Tag Archives: Atlas

John Glenn, last of the Mercury 7 – rest in peace

At the age of 95, John Glenn has passed away.

You almost certainly know his name; John Glenn was the first American to orbit the Earth, a hard-working and principled man who already had an impressive career before NASA selected him for its first astronaut class, the Mercury Seven.  (The others were Scott Carpenter, Gordon Cooper, Gus Grissom, Wally Schirra, Alan Shepherd, and Deke Slayton.)  He’d flown fighter aircraft in WWII and Korea, then after that set a record as the first person to fly across North America at an average velocity above the speed of sound, proving that the aircraft was strong enough to tolerate that. He wasn’t just fast; he was a damned good fighter pilot as well, earning a reputation for flying dangerously low (to improve shooting accuracy on ground targets, a decision which improved his kill rate but caused him to often return home with holes in his airplane, a fact which earned him the nickname “Magnet Ass” for all the literal flak he took) and for killing a lot of MiGs.

When Glenn was selected for NASA’s initial astronaut corps, he only barely met their requirements, just barely squeaking in under their upper age limit of 40.  (It’s a little ironic he was the last of the Mercury Seven to pass, as he was also always the oldest of them.)  He watched Alan Shepherd and then Gus Grissom fly on suborbital hops, boosted by the little Redstone rocket.  And then, on February 20, 1962, Glenn flew the first manned flight aboard an Atlas rocket.  (Atlas boosted four more Mercury capsules, and then retired from human spaceflight.  Its much more modern descendent, the Atlas V, will return the line to crewed spaceflight in either 2017 or 2018 with the first flight of the Boeing CST-100 Starliner.)  He remained active in the space program only through the Mercury program, resigning in 1964 to pursue a political career.  It took a while to get there, but Glenn was as persistent in politics as he had been in everything else, and attained the Senate as a Democrat from Ohio in 1980.  He served in this position until 1998, when he retired.  The election to replace him was held while he was away from home in a very fundamental way — in 1998, he made his second spaceflight, aboard the Space Shuttle Discovery’s STS-95 mission, becoming the oldest person in space at the age of 77.  After that, he retired, and enjoyed a long retirement — finally passing away at the age of 95.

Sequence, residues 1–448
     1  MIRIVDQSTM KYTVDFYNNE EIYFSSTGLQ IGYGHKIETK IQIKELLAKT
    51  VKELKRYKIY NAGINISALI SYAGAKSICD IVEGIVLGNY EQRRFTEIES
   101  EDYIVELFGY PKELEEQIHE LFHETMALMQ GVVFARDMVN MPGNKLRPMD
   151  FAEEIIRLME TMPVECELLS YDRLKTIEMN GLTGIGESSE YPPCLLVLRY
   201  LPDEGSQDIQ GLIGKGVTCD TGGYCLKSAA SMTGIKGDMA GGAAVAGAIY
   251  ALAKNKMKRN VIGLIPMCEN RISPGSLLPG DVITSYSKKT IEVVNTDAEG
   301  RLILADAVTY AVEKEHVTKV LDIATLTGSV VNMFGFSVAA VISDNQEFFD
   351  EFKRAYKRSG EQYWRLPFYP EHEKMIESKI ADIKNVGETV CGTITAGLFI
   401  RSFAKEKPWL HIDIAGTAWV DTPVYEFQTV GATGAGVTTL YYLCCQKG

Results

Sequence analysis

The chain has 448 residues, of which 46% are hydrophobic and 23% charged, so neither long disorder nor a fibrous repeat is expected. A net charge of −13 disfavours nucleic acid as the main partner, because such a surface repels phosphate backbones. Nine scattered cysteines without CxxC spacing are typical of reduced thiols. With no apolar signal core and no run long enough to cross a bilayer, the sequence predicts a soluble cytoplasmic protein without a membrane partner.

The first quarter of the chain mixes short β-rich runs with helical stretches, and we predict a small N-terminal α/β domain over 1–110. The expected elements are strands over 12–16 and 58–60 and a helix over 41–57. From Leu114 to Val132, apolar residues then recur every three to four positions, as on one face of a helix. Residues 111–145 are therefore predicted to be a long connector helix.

With him, it feels as if an era has ended.  While about half of the Vostok cosmonauts are still living (mostly because Soviet-era astronaut recruiting favored much younger candidates), the Mercury Seven have all passed.  It falls upon us to remember them, and teach our children about them.  They were trailblazers, and we must not let that trail grow cold.

John Glenn’s first launch, on Friendship 7:

And his second, on Discovery’s STS-95 mission:

And now, he’ll fly higher than anyone of us here on Earth can conceive.  Godspeed, John Glenn.  Godspeed.


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Our New Robot Overlords Are Getting Better: Atlas Goes for a Walk

Boston Dynamics has made some major improvements to their latest Atlas model, which now carries its own battery and doesn’t need to be tethered.  It can pick objects up, it can find objects after some jerk human knocks them away with a hockey stick, it can catch its balance when shoved, it can open doors, and perhaps most remarkably, it can get up on its own after doing a faceplant.

This thing is pretty cool.  😉

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Spectacular Rocket Accidents

Since today is the traditional day of fireworks in America (happy Independence Day, USA!)…..

We’ve all been watching the various replays of the recent Proton accident, but of course that’s just the latest in a very long line of exploding rockets.  Spaceflight operates on extremely tight safety margins, so much so that no matter how careful people are, sooner or later it’s all gonna go up in smoke.  Here are some memorable rocket accidents enshrined on YouTube:

This was one of the worst disasters in terms of hazard to ground personnel at Cape Canaveral: a Delta II rocket launching the first GPS Block IIR satellite (hmm, are navigation satellites jinxed?) on January 17, 1997.  The fault was due to a huge crack in one of the solid rocket motors strapped to the first stage.  Thanks to strict adherence to safety rules, nobody was hurt, but there was considerable property damage due to the raining chunks of propellant.  Had range safety detonated the rocket, it would have been reduced to pieces too small to be hazardous, but this one blew spontaneously.  Several cars were destroyed, which has got to be interested on an insurance claim form…